The major outcome from the GRDC's investments in research and development - on behalf of its grower and community stakeholders - is information.
Unless that information is made available to end users full value from the investments will not be captured. Ground Cover is one important way in which information is transferred to the GRDC's grower stakeholders. We also use other media, including television through our regular stories on 'Cross Country', and audio cassettes in the 'Ear Ear' series.
Feedback on these initiatives has been favourable but we are always open to suggestions for improvement. One observation made to me recently was that Ground Cover sometimes carries stories which seem, on the surface, to be contradictory.
The research on which we report is carried out by many different workers, under different conditions in different locations all over Australia. Growers, themselves, know that crops don't always perform in the same way on different properties — or even in different paddocks on the same property.
What the GRDC tries to do is to present information in a user-friendly format, enabling our audience to draw conclusions in relation to their own situation. If in doubt, we supply contact information to enable easy follow-up to stories of particular interest.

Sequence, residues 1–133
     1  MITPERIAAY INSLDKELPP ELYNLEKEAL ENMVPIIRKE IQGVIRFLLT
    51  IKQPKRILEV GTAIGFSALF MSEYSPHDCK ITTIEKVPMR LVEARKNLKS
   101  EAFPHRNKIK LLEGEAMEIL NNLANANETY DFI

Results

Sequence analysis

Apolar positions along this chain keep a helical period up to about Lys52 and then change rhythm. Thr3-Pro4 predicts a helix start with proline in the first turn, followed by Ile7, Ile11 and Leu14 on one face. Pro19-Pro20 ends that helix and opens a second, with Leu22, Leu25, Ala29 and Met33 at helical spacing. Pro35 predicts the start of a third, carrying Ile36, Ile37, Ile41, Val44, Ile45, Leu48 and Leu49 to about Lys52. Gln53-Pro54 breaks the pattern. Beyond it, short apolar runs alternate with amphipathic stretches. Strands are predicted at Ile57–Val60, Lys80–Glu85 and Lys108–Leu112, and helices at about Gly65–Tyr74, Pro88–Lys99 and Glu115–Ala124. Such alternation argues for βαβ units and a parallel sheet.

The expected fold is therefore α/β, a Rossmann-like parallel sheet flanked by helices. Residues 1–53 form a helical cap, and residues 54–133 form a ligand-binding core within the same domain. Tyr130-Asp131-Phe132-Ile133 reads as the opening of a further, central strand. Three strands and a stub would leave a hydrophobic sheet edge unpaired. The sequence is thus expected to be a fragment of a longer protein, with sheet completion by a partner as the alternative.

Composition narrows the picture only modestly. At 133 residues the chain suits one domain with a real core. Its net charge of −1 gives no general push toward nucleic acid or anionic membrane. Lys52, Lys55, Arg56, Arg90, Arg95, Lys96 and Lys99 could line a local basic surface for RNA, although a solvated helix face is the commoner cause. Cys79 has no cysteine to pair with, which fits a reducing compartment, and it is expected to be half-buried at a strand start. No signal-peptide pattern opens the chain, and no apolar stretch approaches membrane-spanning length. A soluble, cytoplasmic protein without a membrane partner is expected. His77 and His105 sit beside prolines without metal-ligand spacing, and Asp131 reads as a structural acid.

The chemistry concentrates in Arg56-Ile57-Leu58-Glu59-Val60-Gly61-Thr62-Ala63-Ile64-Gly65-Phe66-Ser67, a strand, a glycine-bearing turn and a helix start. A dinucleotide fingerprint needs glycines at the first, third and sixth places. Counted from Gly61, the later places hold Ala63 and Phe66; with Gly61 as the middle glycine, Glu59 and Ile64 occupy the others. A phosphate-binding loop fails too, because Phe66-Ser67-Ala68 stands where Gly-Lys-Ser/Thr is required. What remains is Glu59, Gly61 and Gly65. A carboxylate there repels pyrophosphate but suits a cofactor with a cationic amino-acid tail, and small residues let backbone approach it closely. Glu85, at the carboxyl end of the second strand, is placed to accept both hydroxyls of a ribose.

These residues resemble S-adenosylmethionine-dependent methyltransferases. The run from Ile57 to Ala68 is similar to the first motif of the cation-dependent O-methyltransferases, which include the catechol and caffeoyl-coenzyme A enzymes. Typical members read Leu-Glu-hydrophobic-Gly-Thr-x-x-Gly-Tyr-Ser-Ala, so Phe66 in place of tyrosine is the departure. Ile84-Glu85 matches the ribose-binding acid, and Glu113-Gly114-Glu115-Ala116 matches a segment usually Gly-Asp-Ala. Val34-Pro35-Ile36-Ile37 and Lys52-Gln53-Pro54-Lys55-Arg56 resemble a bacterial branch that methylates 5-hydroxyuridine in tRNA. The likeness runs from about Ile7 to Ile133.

Another major information investment by the GRDC is in industry conferences. The annual Cereal Chemistry Conference, for example, brings together leading researchers from Australia and around the world. But, most importantly, this conference is also attended by downstream processors and marketers, ensuring that messages from the market place get back to the research bench.
Other meetings, like the biennial Australian Agronomy Conference and the Australian Sunflower Association meeting, specifically cater for grower involvement. This, too, provides an excellent opportunity for researchers to find out if they're 'getting it right'. Industry-wide exchange of information is vital if R&D is to deliver the goods for Australian grains.